Genting a wild card in bid for gaming licences
- The Malaysian group’s arrival will make the race more interesting, with seven operators in the running for the six licences available. The established operators have something to offer, but it is clear that helping Macau meet its diversification goals is the only way to the finish line
Macau’s greyhound track may have long fallen silent, but the gambling hub is buzzing about a closely watched race for casino licences after a newcomer joined established operators bidding for concessions. The wild card hopeful is Lim Kok Thay, billionaire chairman of Malaysia’s Genting Group, who submitted a last-minute bid, along with current operators Wynn Macau, Galaxy Entertainment, SJM Holdings, Melco Entertainment, MGM China and Sands China, whose licences expire on December 31.
Macau’s government tightened the city’s gambling laws early this year, and while six licences will be kept, their durations will be halved to 10 years and more local permanent residents must be in top management of the casinos. In June, authorities also said licence hopefuls must present detailed plans for developing foreign tourist markets, along with the benefits Macau can expect from gaming and non-gaming investments and corporate social responsibility efforts.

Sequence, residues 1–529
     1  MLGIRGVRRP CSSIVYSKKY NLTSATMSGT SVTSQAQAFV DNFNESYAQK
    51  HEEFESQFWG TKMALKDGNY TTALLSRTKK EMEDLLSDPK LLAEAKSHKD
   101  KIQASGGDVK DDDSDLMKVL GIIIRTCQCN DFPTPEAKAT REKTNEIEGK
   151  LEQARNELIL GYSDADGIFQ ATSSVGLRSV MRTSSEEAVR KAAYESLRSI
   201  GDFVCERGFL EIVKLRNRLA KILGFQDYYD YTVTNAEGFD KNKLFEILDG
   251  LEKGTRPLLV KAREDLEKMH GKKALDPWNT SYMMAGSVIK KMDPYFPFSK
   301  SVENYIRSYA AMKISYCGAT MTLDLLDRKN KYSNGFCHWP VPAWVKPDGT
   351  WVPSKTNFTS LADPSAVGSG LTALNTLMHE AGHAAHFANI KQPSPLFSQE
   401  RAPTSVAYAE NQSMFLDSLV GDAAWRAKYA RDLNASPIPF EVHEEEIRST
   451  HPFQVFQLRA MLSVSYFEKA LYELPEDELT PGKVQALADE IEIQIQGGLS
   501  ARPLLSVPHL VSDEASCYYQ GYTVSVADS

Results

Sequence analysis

It is all part of a wider push to reform betting in Macau, where authorities hope to strike a fine balance between their reliance on casino taxes and central government pressure for the city to diversify its economy. Gaming revenues normally bring in about 80 per cent of the city’s tax income.
Under the Greater Bay Area plan to turn the Pearl River Delta into a technology and services hub, Macau has been earmarked to become a centre for tourism and a conduit for Chinese culture. As this paper has noted before, achieving that goal will require a move beyond a gambling base into financial services and other industries. Underscoring this need is the Covid-19 pandemic, which severely restricted revenues as zero-tolerance restrictions closed the city to high rollers and tourists from the mainland.
It is still unclear how Macau’s established operators might get on track with diversification, but the arrival of Genting will make the race more interesting. Industry analysts have noted its global credentials as well as experience with theme parks and non-gaming investments. Certainly, the established operators have something to offer, but with only six slots available it is clear that helping Macau meet its diversification goals is the only way to the finish line.